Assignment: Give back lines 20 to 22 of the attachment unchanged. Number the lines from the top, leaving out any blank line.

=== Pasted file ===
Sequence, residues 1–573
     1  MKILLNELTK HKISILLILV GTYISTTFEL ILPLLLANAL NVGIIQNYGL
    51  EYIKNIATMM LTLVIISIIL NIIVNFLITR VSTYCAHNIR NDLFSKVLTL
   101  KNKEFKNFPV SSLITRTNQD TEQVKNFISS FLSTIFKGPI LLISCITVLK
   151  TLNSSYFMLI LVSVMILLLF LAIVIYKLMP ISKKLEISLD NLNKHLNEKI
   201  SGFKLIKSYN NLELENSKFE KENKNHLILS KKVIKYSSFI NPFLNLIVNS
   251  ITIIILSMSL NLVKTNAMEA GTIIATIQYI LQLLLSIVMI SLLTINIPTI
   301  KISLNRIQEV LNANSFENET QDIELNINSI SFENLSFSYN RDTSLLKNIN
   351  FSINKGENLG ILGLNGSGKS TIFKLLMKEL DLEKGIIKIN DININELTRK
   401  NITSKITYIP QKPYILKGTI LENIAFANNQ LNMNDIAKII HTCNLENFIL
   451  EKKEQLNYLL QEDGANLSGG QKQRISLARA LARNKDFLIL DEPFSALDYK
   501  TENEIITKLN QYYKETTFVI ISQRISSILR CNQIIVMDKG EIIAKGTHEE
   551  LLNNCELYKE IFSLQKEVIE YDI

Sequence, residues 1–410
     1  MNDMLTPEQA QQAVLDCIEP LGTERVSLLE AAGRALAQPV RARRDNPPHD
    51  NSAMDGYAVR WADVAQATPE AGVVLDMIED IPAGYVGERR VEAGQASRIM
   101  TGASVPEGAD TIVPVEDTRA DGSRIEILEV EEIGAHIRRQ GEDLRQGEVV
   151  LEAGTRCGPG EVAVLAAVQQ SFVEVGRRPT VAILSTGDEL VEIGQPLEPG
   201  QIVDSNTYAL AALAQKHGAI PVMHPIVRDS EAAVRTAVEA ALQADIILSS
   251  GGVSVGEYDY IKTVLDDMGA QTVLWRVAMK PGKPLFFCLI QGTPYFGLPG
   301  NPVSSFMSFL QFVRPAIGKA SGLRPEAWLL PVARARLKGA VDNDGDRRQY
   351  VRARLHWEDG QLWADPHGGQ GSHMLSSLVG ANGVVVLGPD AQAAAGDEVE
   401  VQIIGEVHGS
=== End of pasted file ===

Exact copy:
   251  GGVSVGEYDY IKTVLDDMGA QTVLWRVAMK PGKPLFFCLI QGTPYFGLPG
   301  NPVSSFMSFL QFVRPAIGKA SGLRPEAWLL PVARARLKGA VDNDGDRRQY
   351  VRARLHWEDG QLWADPHGGQ GSHMLSSLVG ANGVVVLGPD AQAAAGDEVE